City council approves bylaws for new museums board

ORIGINALLY WRITTEN DON RATZLAFF
The Hillsboro City Council approved at its Tuesday meeting a set of bylaws for the newly created Hillsboro Museums Advisory Board and confirmed the mayor’s appointment of six people to that board.

The new board essentially replaces the Hillsboro Historical Society board, which managed Heritage Park and the Schaeffler House for many years.

The change is part of the city council’s effort to restructure the way local museums are managed so the operation is more directly accountable to the council.

The purpose of the advisory board is three-fold:

— to advise the director of museums (currently Stan Harder) in the work of the museums;

— to assist the director and a proposed organization called Friends of the Hillsboro Museums in their work;

— to advocate for museum funding, promote the museums locally and beyond, and to support the museums to visitors and patrons.

City Administrator Steven Garrett said the new structure separates the advisory and management functions that previously had been exercised by the Hillsboro Historical Society.

“The old board had both functions, and sometimes they were in conflict,” he said.

Confirmed as members of the new board were Aleen Ratzlaff, Jonah Kliewer, Willis Ensz, Evan Yoder, Dale Honeck and Anna Loewen Raymond.

The by-laws state the board be composed of nine members, five of which must be members of the Friends of Hillsboro Museums. The appointments are to be for three years and staggered, with no limitation on the number of terms served.

The new structure should make it easier for Hillsboro Museums to be favorably considered for grants and other state funding, the council was told.

On another matter, Garrett reported that the prospect of Cottonwood Cheese Co. locating a plant in Hillsboro is encouraging.

He said a public hearing is scheduled for March 22 for the purpose of applying for a Community Development Block Grant that would fund the construction of a pre-treatment facility that was part of the city’s offer to Cottonwood Cheese Co.

“I think we’re moving forward to having this thing happen,” he said of the plant coming to Hillsboro. “I said before that if this were a game show, we are the contestant and they are the host-well, we’re winning.”

In other matters, the council:

— approved a zoning change for three lots owned by Ken Koslowsky and Tom Koslowsky at the corner of Birch and Second streets. Two of the lots were zoned “medium density residential” and the other “heavy industrial.” All three will be zoned “light industrial” now, which will enable the Koslowskys to build a mini-storage unit on the property.

Garrett reported no members of the general public had showed up at a public hearing on the issue, and no written comments had been received from the public. The Hillsboro Planning Commission had recommended the change.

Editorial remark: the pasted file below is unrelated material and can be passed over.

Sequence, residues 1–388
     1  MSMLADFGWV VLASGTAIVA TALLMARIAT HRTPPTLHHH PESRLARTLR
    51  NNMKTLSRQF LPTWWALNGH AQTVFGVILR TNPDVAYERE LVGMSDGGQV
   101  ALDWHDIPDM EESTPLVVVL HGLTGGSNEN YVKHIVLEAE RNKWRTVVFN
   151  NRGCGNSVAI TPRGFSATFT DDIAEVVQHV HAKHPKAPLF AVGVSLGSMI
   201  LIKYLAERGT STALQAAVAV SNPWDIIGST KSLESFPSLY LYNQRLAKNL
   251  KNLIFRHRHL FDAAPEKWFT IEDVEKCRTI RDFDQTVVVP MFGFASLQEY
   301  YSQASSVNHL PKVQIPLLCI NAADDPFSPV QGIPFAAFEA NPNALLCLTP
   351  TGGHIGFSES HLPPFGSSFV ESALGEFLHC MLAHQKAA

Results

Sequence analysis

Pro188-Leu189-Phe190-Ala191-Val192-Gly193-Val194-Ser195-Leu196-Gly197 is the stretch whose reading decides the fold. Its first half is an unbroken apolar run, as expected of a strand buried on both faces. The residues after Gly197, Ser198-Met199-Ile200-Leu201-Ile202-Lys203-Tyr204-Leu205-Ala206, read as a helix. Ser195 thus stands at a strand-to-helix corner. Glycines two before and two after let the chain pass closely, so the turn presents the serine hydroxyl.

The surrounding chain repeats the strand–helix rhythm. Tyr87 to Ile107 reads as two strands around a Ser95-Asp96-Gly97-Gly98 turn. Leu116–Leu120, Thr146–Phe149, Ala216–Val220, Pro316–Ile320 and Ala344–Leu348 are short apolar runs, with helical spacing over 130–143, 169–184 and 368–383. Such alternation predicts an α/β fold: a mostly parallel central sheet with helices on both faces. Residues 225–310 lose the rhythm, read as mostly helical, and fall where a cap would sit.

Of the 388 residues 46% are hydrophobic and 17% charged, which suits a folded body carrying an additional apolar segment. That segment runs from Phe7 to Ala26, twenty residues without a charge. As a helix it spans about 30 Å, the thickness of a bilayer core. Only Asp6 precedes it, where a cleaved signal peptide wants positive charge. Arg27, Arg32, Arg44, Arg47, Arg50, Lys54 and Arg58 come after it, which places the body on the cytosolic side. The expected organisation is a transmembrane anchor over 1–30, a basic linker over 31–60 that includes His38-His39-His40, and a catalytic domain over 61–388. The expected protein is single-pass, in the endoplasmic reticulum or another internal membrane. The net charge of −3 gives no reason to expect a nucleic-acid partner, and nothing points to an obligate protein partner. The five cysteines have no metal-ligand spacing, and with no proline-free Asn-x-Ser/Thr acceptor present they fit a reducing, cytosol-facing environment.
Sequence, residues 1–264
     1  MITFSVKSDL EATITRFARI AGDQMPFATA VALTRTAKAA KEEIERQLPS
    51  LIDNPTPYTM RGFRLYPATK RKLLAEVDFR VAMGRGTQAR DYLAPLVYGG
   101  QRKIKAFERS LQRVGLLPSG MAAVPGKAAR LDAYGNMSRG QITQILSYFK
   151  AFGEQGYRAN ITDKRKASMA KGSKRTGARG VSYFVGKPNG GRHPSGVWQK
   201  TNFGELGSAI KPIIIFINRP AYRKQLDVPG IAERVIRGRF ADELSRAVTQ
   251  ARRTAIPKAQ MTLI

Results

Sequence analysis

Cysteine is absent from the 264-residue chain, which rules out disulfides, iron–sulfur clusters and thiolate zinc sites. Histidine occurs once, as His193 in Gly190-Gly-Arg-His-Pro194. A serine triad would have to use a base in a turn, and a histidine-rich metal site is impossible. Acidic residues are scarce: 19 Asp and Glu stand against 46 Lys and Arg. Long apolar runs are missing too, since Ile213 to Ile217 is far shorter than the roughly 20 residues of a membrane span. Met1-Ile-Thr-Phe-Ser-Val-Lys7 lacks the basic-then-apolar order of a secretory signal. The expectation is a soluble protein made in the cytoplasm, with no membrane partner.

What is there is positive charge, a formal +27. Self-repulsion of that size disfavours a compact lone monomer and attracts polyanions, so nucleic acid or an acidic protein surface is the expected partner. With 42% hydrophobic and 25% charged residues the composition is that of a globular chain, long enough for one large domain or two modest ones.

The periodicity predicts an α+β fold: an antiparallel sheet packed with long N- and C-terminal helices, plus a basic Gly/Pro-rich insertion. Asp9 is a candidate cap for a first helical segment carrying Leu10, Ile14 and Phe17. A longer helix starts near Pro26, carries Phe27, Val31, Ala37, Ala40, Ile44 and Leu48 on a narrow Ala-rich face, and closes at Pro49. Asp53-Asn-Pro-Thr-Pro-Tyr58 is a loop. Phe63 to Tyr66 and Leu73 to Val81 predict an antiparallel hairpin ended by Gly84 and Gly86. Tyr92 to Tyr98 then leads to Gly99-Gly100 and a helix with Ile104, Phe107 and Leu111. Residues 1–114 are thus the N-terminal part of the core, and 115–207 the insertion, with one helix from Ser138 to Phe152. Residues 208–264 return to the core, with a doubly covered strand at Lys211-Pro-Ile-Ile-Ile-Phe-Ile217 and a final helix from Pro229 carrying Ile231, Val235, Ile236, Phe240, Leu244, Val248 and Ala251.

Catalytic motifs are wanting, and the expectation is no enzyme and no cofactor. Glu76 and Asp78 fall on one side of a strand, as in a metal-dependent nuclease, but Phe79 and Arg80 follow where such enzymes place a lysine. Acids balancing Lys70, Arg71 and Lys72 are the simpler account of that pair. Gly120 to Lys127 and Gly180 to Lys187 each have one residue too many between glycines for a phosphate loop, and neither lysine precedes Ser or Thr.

— awarded the construction bid for Phase III of the Main Street renovation project to APAC-Kansas, Shears Division. The project includes the replacement of waterlines and an overlay of asphalt on Main Street from A Street south to D Street.

The winning low bid was $213,690. Ritchie Paving of Wichita submitted a bid of $259,220.

— heard from Garrett that Hillsboro residents recycled some 201 tons of materials through the city’s volunteer-run center in 2004. That compares to 189 tons in 2003. He said the increase likely was because the list of recyclables was broadened to include magazines in 2004.

“We’re being fairly consistent and successful in recycling,” he said. “Hopefully, other cities will see that it’s successful and will join us so we’re not the only ones in the county who are recycling.”

— heard from Bob Previtera, city engineer, that he expects to advertise for bids regarding the waterline-replacement project on Lincoln Street in April and to open those bids no later than May.

— heard from John Kullman of the IMA, the company insuring city assets, that the city will be getting much more coverage for only a slight increase in the cost of its premiums.

In a report about his review of the city’s insurance plan, Kullman said by shifting more of the city’s assets from “actual cash value” to “replacement value,” the city’s coverage improved markedly for only $405 more in its premiums-beyond an 8 percent inflationary increase that would have occurred regardless.

Kullman also said the review revealed that several properties were uninsured or underinsured.

Last year’s total premium was $59,946. Kullman projected this year’s premium to be $64,813.

— approved a change to the personnel policy for city staff that standardizes the amount of hours paid to all employees for non-working holidays to eight hours. Garrett said the clarification was needed because some employees work 12-hour shifts.

— heard from Garrett that core drilling will begin next week on the property identified by the city east of town for the construction of a wastewater lagoon system. The purchase of that land, about 80 acres currently owned by Vic and Myrna Jost, is dependent on the results of the drilling.

— heard from Garrett that bids will be let in mid-April on the $3.2 million water-plant upgrade project.

— authorized Mayor Dalke to sign a document indicating Hillsboro’s endorsement of Marion County continuing to be designated as an “enterprise zone” for the purpose of qualifying for state grants and funding.

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